Mixing audio streams from several users

Ice/DBus, Web-Interfaces, Management tools

Mixing audio streams from several users

Postby yuiu » Fri Nov 13, 2015 1:07 am

I'm extending my Mumble library. I just realized that Murmur doesn't mix audio from different users and client has to do it by itself :-) I have the problem to pinpoint, how this problem is solved in original Mumble client.

Let's assume I have decoded audio packets from several users. The packets can have different length (10, 20 or 60 ms). What are the optimal strategies to mix them in real time? How is Mumble doing it?
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Re: Mixing audio streams from several users

Postby hacst » Tue Dec 22, 2015 1:29 am

We have one jitter buffer (we use one from speex dsp) per speaking user into which the packets from the network are inserted (AudioOutputSpeech::addFrameToBuffer). The important information for this is the sequence number as well as the number of samples in the packet. The sequence number is part of the framing and tells us the the time this package belongs in the stream of that user. The number of samples tells us how long the audio in that packet is. This jitter buffer also handle reordering.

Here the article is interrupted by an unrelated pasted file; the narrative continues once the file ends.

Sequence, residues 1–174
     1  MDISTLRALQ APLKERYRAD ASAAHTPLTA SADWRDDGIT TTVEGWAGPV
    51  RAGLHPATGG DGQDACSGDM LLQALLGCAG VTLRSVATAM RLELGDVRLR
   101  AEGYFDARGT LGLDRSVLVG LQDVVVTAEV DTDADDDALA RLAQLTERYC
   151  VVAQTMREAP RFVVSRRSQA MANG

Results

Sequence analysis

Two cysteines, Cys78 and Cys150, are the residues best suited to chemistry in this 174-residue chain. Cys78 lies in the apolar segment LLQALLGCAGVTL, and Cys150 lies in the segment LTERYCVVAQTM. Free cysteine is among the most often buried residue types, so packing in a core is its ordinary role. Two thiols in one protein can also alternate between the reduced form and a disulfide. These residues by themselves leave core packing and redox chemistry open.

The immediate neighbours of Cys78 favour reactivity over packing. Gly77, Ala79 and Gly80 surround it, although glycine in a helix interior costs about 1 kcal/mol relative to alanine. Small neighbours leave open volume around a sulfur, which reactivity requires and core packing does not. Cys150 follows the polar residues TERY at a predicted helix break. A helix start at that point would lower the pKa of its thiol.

AudioOutputSpeech.cpp AudioOutputSpeech::addFrameToBuffer
Code: Select all
      jbp.data = const_cast<char *>(qbaPacket.constData());
      jbp.len = qbaPacket.size();
      jbp.span = samples;
      jbp.timestamp = iFrameSize * iSeq;


Mumble output then simply relies on the output device trying to keep its output buffer filled. We have a mix function (AudioOutput::mix) you tell how many samples you plan to output which then goes to all currently active speaker objects and asks them for that amount of samples (AudioOutputSpeech::needSamples). The needSamples function then decodes as many samples from the jitter buffer as needed to fullfill that need. If the jitterbuff does not have the right packets (missing or late) this is recognized and the packet loss correction of the codec is used and the jitter buffer size might get adjusted to prevent future underruns or misses. End of speech is signaled by a terminator flag in the packet framing.

TL;DR: Thanks to the dynamically sized jitter buffer we don't really care about how long the packets are. We assume the client streams enough of them and decode them when we need to mix them. No absolute alignment is attempted.
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